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Dr. Andrew Reddie Awarded $1.8M to Launch Berkeley Risk and Security Lab

October 3 | School of Information

Andrew Reddie is the assistant professor of practice in cybersecurity at UC Berkeley’s School of Information. (Photo/ School of Information)

How will emerging technologies shape the future of war and peace? How might a new era of strategic competition between superpowers complicate matters? What steps should governments take to mitigate the risks posed by autonomous technologies used in war? 

Many of the most important challenges that we face as we move into the 21st century involve problems for which we have no or little data. As a consequence, decision-makers are faced with a policy environment defined by uncertainty.

To address these challenges, Andrew Reddie has launched the Berkeley Risk and Security Lab (BRSL), thanks to a $1.8M grant from the Founders Pledge Fund. BRSL, housed within the Center for Security in Politics at the Goldman School of Public Policy and the School of Information, engages academics and policy experts across UC Berkeley, the country, and the globe with the big questions related to the future of national and international security. The lab will also bridge the gap between policy-makers in Washington with scientists and engineers in Silicon Valley and nurture the next generation of researchers.

“In a world in which dual-use technologies are constantly evolving and the global security environment is deteriorating, we have a pressing need to bring Berkeley’s talent and creativity to these challenges,” said Andrew Reddie, assistant professor of practice in cybersecurity at UC Berkeley’s School of Information. “We are thankful to the Founder’s Pledge Fund for their gift to seed the Lab and create a hub to address the national and international security challenges posed by emerging technologies.”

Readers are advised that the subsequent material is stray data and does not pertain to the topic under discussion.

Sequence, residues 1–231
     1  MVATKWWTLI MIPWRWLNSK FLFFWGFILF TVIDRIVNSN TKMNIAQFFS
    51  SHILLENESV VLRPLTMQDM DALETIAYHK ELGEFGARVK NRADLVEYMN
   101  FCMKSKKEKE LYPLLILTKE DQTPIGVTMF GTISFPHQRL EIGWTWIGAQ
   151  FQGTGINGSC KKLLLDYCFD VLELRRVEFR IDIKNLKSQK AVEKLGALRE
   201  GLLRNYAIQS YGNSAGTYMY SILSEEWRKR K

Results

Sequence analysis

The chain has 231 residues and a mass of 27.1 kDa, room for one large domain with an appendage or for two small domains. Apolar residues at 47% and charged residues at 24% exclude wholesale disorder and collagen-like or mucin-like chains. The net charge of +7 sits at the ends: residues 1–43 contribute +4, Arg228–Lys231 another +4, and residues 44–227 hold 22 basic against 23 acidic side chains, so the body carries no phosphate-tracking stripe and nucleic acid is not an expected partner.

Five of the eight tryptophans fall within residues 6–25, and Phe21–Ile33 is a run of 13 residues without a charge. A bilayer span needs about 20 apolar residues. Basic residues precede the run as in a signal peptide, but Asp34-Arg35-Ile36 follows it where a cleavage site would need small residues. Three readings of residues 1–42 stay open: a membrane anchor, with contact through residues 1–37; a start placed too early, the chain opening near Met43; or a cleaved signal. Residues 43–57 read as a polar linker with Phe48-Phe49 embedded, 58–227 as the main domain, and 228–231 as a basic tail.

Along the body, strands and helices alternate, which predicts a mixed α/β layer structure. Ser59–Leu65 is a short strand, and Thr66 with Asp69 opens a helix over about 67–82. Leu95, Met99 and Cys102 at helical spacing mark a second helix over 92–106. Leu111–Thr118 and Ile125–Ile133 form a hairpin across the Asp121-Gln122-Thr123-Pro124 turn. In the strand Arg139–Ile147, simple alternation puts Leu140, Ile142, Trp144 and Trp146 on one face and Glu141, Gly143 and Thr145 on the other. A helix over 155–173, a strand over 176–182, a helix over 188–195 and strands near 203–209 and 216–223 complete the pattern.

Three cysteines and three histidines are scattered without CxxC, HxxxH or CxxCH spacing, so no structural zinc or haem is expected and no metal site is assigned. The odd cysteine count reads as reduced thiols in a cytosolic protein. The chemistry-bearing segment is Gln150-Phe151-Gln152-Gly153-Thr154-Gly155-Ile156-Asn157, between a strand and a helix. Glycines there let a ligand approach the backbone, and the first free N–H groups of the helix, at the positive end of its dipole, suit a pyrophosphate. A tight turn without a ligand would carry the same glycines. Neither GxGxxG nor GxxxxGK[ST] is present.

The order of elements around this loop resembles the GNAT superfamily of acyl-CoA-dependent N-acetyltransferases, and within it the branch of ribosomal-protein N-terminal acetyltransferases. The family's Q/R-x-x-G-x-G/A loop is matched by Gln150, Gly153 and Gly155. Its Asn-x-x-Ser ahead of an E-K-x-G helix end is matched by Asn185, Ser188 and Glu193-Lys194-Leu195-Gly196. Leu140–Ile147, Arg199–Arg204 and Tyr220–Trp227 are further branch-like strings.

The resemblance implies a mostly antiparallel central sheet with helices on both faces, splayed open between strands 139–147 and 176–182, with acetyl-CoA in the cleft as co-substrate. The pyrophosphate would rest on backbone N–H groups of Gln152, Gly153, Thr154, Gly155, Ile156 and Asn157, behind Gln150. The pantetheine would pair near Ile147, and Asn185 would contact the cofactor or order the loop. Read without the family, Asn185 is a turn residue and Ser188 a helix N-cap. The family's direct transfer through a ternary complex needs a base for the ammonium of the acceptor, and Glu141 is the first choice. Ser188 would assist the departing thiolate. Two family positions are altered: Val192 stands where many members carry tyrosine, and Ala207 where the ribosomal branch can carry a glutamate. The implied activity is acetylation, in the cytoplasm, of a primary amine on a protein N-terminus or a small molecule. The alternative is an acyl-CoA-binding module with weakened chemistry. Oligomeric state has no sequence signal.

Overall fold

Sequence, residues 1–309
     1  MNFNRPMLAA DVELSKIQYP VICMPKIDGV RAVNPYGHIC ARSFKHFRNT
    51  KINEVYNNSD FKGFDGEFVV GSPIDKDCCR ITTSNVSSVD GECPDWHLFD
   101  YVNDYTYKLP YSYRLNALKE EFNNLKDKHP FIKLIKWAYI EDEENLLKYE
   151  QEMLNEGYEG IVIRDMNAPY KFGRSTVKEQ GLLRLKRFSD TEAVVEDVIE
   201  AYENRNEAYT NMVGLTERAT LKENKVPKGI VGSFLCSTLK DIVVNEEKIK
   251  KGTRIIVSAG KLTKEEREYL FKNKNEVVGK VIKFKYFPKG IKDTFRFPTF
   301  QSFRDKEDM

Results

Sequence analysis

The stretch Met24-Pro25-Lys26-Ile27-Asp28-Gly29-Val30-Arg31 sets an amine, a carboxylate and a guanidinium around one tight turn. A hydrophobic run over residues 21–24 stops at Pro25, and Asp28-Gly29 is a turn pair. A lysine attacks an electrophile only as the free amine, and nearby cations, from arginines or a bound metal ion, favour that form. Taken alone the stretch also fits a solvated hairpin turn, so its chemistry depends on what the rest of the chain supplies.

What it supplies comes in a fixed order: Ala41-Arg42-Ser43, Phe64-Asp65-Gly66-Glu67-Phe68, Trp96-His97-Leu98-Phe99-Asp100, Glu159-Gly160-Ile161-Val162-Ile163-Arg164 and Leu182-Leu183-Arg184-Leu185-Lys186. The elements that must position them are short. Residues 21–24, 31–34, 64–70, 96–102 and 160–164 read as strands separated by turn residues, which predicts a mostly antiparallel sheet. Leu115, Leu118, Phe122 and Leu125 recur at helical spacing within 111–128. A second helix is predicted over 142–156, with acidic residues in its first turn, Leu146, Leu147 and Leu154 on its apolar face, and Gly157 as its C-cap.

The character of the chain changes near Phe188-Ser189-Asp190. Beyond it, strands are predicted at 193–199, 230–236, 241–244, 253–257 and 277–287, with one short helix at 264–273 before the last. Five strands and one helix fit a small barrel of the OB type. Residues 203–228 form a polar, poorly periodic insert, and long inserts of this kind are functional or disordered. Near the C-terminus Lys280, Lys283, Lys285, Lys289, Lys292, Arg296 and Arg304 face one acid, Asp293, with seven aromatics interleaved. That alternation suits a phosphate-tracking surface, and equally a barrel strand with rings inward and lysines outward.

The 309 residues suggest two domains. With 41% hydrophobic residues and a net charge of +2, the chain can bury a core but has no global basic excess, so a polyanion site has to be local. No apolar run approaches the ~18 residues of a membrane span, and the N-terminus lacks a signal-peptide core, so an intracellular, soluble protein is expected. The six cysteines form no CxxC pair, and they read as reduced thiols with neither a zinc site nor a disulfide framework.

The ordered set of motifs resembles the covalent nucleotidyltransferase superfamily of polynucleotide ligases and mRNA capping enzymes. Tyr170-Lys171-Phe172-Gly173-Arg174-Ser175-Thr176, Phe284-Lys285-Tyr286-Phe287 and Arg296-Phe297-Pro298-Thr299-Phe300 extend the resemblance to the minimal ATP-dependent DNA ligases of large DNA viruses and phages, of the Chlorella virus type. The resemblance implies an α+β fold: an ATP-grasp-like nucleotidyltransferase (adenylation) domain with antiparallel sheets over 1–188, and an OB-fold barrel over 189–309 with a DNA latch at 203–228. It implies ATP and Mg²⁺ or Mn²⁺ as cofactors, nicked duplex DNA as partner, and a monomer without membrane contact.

BRSL’s research portfolio is organized around three areas: the political economy of technological competition, the risks posed by emerging technologies, and efforts to mitigate these risks via domestic regulation and intergovernmental governance mechanisms. To aid in these research areas, a fellowship program for junior faculty, postdoctoral students, and Ph.D. candidates is underway, in addition to a policy fellowship program that provides early-career practitioners an opportunity to engage with one another and with technical experts from the academy and industry.

Alongside its research portfolio, the Lab is committed to serving both undergraduate and graduate students across the UC system via courses at the intersection of technology, politics, and security. Currently, the Lab and its faculty support the Cybersecurity Working Group and Nuclear Policy Working Group as well as other courses across campus. The Lab is also supporting the use of scenario analysis, crisis simulation, and wargaming methods for both research and teaching.

BRSL will serve as a link between the policy communities in Washington, national capitals across the globe, intergovernmental organizations, and the technical community at the cutting edge of R&D on campus and in Silicon Valley. Too often, these communities talk past one another. Berkeley can and should play a role in addressing this challenge.  In this age of uncertainty, we need the best and brightest to focus on pressing national and international security challenges, and, importantly, we need spaces to come together to engage on these issues. BRSL and the Berkeley campus have an integral role to play in making this a reality.

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School of Information